Following Nat's success against Lowe, Ben Caunt put his pupil confidently on offer for 25 a side, preparing to give weight to any challengers. Challenge would be accepted at "The White Lion" in Hinckley and Caunt's hostelry "The Coach and Horses" in London. However, it was not until 12th June 1845 that Nat had his next fight against Dr Campbell, "The Brighton Bomber", for 5 a side. The fight lasted 27 rounds in 37 minutes with victory for Langham. Langham's reputation was growing and he was matched against George Gutteridge of Bourne in Lincolnshire for 25 a side. The fight took place on 23rd September 1846 at Bourne and was a bruising encounter that lasted 93 minutes with 85 rounds.
Nat was the victor and the next challenge came from an Australian William Sparkes and the fight was dubbed as for the honour of the old country.
It took place on Woking Common on 4th May 1847. The purse was 50 a side, a considerable sum. Again Langham was victorious and his backer Caunt said he would now back Langham against any man in the world!
Nat's next appearance in the ring was again a Londoner, Harry Orme from Bow, for 50 a side. It took place on 6th May 1851 and lasted 177 rounds in two hours 50 minutes. Langham was compelled from sheer exhaustion to acknowledge himself outmatched although he acquitted himself bravely. After his defeat Langham temporarily decided to leave the ring and follow the footsteps of his mentor Ben Caunt and become a promoter and coach to young talents.
But the biggest challenge of his career came when the great unbeaten Tom Sayers challenged him. It was scheduled to take place on 18th October 1853 at Lakenheath in Suffolk and was awaited with great anticipation. Replicas of the fighters' colours were retailed in thousands. There are lengthy accounts of what turned out to be a bloody contest.
One eyewitness recalled: "Time after time I saw Nat with his eyes closed and his mouth open, his head leaning helplessly against Jemmy Welsh's shoulder." He continued: "I was sickened as I watched the fight. I was nauseated by the bruised, battered, swollen, and bleeding face of Tom's come popping up time after time from his corner."
The fight lasted for two hours two minutes, Nat eventually defeating Tom and so entering the annals of sporting history as the only man to beat Tom Sayers.

McGoorty
10-07-2011, 07:51 AM
Despite the result the men remained friends and even acted as seconds to each other in subsequent fights. After the fight, Nat announced his perpetual retirement from the ring.
This was interrupted in 1857 for a fight with no less than Nat's mentor Ben Caunt, to settle a domestic squabble between their respective wives.
The contest ended in a draw and henceforth family affairs seem to have been on a more even keel! Nat did return to Hinckley on a number of occasions and although his parents lived in Castle Yard he refused to acknowledge them. He was hailed as a local hero and celebrity.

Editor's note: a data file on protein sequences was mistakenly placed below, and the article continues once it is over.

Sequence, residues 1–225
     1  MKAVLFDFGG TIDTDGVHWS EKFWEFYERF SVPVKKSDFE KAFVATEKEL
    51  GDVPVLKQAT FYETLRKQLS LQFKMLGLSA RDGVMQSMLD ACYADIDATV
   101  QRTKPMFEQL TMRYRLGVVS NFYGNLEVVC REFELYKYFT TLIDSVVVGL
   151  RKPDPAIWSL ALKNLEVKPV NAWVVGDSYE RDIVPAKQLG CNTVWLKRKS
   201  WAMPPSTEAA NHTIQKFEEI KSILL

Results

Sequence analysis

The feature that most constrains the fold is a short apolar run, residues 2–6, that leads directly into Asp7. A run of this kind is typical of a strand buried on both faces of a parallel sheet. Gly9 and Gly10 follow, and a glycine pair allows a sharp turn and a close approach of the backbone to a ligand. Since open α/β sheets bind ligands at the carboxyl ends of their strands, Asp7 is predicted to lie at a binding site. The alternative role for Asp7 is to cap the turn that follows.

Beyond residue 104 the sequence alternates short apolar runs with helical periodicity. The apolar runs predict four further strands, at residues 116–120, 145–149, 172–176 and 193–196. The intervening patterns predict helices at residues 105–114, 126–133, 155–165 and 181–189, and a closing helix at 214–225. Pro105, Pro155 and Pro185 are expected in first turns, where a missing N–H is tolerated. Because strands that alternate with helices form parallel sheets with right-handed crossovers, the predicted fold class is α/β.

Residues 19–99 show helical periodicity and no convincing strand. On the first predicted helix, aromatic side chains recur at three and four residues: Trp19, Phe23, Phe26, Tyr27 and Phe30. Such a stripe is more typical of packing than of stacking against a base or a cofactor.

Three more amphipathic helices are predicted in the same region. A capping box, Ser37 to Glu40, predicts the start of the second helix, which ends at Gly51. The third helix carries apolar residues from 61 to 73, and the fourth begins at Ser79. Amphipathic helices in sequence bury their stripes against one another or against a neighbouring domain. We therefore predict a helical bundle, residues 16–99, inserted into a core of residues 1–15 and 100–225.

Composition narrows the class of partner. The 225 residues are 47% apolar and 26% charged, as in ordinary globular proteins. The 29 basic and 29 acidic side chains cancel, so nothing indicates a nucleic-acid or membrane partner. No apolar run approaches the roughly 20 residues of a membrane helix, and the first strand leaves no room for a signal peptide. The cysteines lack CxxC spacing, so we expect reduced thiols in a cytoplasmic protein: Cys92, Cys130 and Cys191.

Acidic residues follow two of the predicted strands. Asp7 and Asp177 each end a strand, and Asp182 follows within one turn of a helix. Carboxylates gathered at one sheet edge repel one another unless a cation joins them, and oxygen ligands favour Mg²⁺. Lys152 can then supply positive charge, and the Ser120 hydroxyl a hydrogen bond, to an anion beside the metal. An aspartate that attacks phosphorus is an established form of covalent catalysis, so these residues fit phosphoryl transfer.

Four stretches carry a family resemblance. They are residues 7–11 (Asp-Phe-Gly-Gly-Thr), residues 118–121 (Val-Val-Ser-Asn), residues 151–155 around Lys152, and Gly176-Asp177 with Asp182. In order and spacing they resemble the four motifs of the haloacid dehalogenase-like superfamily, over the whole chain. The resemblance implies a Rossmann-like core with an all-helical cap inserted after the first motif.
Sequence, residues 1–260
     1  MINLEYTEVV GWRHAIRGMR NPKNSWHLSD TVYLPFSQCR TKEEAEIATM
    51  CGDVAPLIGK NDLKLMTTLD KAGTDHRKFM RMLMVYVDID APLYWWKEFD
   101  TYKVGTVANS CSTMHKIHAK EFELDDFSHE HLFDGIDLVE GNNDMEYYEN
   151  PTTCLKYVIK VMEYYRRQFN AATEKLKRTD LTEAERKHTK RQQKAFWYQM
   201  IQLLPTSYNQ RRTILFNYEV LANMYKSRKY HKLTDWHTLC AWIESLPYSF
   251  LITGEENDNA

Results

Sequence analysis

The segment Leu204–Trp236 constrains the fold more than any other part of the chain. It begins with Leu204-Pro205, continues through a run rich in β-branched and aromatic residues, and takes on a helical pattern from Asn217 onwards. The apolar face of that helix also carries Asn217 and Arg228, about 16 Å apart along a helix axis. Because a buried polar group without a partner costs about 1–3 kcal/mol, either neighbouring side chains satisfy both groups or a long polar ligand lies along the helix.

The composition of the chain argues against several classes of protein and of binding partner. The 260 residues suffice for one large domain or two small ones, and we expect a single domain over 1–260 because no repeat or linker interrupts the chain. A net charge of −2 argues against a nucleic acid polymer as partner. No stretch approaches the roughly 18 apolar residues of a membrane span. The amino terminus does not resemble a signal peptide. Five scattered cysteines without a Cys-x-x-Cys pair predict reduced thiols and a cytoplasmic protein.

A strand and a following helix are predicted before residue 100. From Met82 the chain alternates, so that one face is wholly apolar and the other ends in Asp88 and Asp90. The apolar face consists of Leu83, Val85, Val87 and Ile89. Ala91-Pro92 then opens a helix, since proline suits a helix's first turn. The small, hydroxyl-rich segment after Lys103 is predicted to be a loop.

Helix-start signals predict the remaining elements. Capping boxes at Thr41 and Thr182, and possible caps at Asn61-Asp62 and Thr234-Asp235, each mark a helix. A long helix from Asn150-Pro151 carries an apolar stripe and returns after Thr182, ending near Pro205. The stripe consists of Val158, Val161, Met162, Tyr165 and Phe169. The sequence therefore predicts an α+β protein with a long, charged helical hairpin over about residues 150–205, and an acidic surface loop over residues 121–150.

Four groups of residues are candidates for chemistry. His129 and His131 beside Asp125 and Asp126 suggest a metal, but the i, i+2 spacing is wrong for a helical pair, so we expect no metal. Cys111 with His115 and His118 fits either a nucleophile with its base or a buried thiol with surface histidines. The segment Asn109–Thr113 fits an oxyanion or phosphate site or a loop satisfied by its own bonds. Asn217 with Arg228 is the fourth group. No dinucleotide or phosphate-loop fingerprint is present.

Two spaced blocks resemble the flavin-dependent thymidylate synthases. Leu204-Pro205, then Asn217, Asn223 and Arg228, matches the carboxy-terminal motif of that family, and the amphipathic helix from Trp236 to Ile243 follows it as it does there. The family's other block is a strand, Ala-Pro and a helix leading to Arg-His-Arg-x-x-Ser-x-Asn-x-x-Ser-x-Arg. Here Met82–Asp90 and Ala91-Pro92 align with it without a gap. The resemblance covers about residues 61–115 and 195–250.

It is said that on one visit to the town he was presented with a replica of the Tin Hat, the symbol of the town and also a symbol used by the proprietors of the local boxing booths. There was an inscription on the hat: "The Tin Hat from Hinckley. Birthplace of Nat Langham. Champion of England. Born 18th February, 1820. THE ONLY MAN to BEAT toM SAYERS".
One of his proteges, Jem Mace, tutored by Nat, went to Australia and helped to establish the sport there. Consequently, Nat's influence on the sport could be said to be world-wide.
So energetic was he that he had a virtual monopoly on the business of pugilism in the capital - Nat's word was law.
However, it was Nat's health that gave cause for concern. Despite consulting the principal physician of the Brompton Hospital for consumption, Nat died of that disease at the early age of 52 on 1st September 1871.
He was buried in the Brompton Cemetery in West London where his grave can be seen to this day. It appears to have once had an epitaph on it but weathering has corroded this. It once had railings around it but these have long since been vandalised.
For a man who had been so successful one might have thought he had left a large fortune. In fact, records show that he left a personal estate worth less than 100.

McGoorty
10-07-2011, 08:00 AM
Langham was born into poverty and always seemed to be ill-fed; His lungs were weak and he suffered bad health all through his life; He also spoke with a speech impediment but he surely could fight

1842
Bill Crozier KO
Ned Ellis KO
-Perhaps, this is the 2/02/43 bout

1843
Feb 2 William Ellis Hinckley, Eng KO 8
-Some sources report 2/09/43; Some sources report 2/12/43

1844
May 7 Teddy Lowe Long Reach, Eng (50:00) KO 43
-Some sources report "Tom Lowe"

1845
Jun 12 Doc Campbell near London, Eng (35:00) KO 27

1846
Sep 23 George Gutteridge Bourne, Eng (93:00) KO 85
-Some sources report Middleweight Championship of England;
Some sources report "Guttridge" in "Lincolnshire"

1847
May 4 William Sparkes Woking Common, Eng (63:00) KO 67

1851
May 6 Harry Orme (2:59:00) LK 117
-Middleweight Championship of England

1853
Oct 18 Tom Sayers Lakenheath, Eng (2:02:00) KO 61
-Middleweight Championship of England

1857
Sep 22 Ben Caunt River Medway, Eng (1:29:00) D 60
-Some sources report 9/09/57; Some sources report 9/21/57;
Some sources report "Home Circuit"
Record courtesy of Tracy Callis, Historian, International Boxing Research Organization

McGoorty
10-07-2011, 12:26 PM
How many of you had heard of Langham ??......... What do you blokes think of this ring great ?????..... an ATG. without doubt.